The demise of British imperial power in the three decades following the Second World War is a familiar theme in the study of post-war British politics, economics and foreign relations. This book is the first major attempt to examine the cultural manifestations of the demise of imperialism as a social and political ideology in post-war Britain. It stresses and strains of imperial decline were not safely contained within the realm of high politics. British governments had to steer a delicate course between a firm display of British authority and control. The book begins with an overview of the persistence of imperialism in popular culture in the post-1945 era. Although an elitist and unashamedly 'establishment' grouping, the Round Table had always been actively engaged in the wider dissemination of an imperial outlook. The Commonwealth anaesthetic was at its most effective at the time of Queen Elizabeth's coronation in June 1953. The book then examines the remarkable coincidence of the coronation and the conquest of Everest, an event that became heavily imbued with late imperial hubris. An account of the complex picture of a British theatre, post-war cultural scene, the anti-establishment sentiment, and the shortcomings of Britain's ruling elites, follows. The book also examines Britain's steadily dwindling imperial power was mirrored by the demise of English cricket. The culture of imperial decline, namely that of popular children's literature is discussed. The book talks about the nostalgic trail of post-imperial British travellers, immigration divide, and the relationship between western feminism and colonial nationalism.

Abstract only
The Ulster Volunteer Force, 1910–22
Author:

The Ulster Volunteer Force (UVF) remains something of a forgotten army of the Irish revolutionary period. There has also been a tendency for historians of opposition to Home Rule to view the UVF as little more than a supporting cast to the Unionists stars: Sir Edward Carson and Andrew Bonar Law. In traditional Unionist accounts of the Third Home Rule crisis, militancy was a measured and controlled response by Ulster Unionists to the actions of the Liberal government. The book considers the social composition and political ideology of the UVF. The command structures of the UVF and the force's military efficiency are discussed next. Many of the early manifestations of Ulster Unionist militancy occurred outside the formal structures of the Orange Order and Unionist Clubs. The earliest forms of armed Unionism during the 1910-1914 period took a similar form and, indeed, this neo-feudalism was to survive in the UVF proper between 1913 and 1914. The command of the UVF, while theoretically a standard military hierarchy, was in reality anything but that. The military efficiency units differed significantly over time and region. Unionist propaganda was aimed at four different audiences: Ulster Unionists themselves, British public opinion, the Liberal government and Nationalist Ireland. The book then covers the related issues of finance, arms and equipment. The contribution of the UVF to the 36th (Ulster) Division is then dealt with. Finally, it considers the brief revival of the UVF in 1920 and its amalgamation into the Ulster Special Constabulary.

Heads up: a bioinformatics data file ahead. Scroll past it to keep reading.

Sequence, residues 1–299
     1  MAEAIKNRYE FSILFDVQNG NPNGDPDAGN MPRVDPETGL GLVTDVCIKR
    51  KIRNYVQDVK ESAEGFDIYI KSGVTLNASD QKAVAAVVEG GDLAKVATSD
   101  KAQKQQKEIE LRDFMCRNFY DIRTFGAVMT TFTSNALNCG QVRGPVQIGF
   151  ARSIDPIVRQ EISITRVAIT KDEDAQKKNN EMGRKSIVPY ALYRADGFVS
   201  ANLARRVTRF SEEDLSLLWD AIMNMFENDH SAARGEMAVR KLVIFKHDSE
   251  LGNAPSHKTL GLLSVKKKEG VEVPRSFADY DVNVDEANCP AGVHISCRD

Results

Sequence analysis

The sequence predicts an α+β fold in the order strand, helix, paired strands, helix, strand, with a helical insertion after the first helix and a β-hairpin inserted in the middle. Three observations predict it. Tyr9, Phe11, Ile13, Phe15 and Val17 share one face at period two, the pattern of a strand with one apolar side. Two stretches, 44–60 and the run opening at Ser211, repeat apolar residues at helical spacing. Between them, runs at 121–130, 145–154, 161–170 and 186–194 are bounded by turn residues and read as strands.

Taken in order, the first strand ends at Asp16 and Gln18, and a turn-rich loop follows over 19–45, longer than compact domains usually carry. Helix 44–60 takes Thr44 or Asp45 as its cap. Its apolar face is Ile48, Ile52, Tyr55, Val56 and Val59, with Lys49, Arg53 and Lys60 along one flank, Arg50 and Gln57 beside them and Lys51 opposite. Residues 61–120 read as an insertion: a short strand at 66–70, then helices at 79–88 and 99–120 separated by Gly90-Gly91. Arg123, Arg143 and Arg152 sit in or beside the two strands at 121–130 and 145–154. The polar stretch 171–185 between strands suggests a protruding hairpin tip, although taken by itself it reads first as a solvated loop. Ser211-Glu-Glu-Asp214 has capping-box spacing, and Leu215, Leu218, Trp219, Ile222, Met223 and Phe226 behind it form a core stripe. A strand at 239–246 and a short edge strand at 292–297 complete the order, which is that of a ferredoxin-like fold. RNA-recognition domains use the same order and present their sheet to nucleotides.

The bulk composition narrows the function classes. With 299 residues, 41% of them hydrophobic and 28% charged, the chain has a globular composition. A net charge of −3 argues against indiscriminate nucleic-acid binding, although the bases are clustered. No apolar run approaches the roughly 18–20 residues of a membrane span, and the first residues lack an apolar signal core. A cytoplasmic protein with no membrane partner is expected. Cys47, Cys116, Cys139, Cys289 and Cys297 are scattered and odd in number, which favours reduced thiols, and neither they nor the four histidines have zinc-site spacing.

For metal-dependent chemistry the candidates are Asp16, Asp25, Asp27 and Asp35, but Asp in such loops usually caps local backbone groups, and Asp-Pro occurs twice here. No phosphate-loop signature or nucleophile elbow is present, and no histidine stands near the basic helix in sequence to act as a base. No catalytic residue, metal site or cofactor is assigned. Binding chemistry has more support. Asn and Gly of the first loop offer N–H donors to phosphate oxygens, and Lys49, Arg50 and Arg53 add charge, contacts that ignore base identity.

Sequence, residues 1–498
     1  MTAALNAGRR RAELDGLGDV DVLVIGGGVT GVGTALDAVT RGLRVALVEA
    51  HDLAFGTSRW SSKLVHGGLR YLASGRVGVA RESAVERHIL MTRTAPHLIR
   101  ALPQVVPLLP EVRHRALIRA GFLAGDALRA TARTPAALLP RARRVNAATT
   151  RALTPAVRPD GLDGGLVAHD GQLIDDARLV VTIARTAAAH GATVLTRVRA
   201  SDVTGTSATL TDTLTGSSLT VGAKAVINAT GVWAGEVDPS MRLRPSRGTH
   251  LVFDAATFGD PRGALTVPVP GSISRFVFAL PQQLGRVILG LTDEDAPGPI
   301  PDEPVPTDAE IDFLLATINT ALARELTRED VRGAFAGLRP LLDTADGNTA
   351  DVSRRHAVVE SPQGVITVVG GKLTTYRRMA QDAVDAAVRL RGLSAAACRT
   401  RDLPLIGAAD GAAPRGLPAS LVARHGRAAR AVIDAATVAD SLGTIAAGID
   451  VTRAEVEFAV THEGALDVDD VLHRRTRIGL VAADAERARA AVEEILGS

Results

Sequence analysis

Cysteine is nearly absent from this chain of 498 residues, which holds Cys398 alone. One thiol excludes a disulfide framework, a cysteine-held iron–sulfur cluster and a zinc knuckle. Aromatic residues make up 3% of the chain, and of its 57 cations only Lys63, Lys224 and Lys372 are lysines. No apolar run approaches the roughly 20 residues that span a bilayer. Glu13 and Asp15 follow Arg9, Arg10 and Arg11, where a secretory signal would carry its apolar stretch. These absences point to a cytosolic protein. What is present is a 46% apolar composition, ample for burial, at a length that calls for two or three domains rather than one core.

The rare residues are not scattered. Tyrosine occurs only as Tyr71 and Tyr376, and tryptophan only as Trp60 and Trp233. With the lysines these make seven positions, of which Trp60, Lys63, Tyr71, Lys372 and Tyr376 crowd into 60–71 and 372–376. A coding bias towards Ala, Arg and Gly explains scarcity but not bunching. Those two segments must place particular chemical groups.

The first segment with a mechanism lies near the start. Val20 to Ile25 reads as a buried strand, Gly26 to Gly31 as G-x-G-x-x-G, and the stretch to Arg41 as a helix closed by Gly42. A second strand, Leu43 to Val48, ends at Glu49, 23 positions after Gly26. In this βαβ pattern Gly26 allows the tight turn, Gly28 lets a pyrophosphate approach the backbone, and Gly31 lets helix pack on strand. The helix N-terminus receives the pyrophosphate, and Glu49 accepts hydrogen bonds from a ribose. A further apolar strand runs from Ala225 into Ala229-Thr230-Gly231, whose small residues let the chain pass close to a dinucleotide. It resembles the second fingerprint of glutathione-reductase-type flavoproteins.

Élodie Lecuppre-Desjardin

and nations. 8 Historians cannot, consciously or unconsciously, escape the influence of their own time and their own milieu on their choice of themes. In a work published in 2006, Jonathan Boulton and Jan Veenstra had no hesitation in appealing to the idea of national consciousness to characterise the political ideology which developed progressively in the lands assembled by the Valois dukes of Burgundy. 9 The word ‘nation’ is now being used once

in The illusion of the Burgundian state
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The death- knell of the imperial romance and imperial rule
Norman Etherington

. Contemporary American composer John Williams has shown his ability to whip off an imperial march fit to stand alongside the best of them, but without serious political ideological purpose. For grand British patriotic occasions like the ‘Last Night of the Proms’ and the 2012 London Olympics, present-day audiences can choose between Elgar and, well, Elgar. Though the work of the imperial romancers has not lost its

in Imperium of the soul
A dialogue with Islam as a pattern of conflict resolution and a security approach vis-à-vis Islamism
Bassam Tibi

it. This is not to ignore the assumption lying behind it, namely that Islam replaces communism as the ‘enemy’ of the West. But this assumption needs to be treated with great caution. At issue here is a fact-based distinction between the religion of Islam and the political ideology of Islamism ( Tibi, 1998a ). That ideology refers selectively to the religion of Islam and then engages itself in

in Redefining security in the Middle East
Casper Sylvest

, usage of the term increased in the second quarter of the nineteenth century, and ‘liberal’ began its transformation from ‘Whig attribute’ to political ideology. Yet the nature of Victorian liberalism has been notoriously elusive.7 Less a party programme with specific political 26 The roots of liberal internationalism prescriptions, liberalism was a temperament – consisting of ‘un- or prepolitical predispositions and allegiances which animate the otherwise dry bones of [a] political creed’8 – and a vague politico-ethical doctrine emphasising stability and orderly

in British liberal internationalism, 1880–1930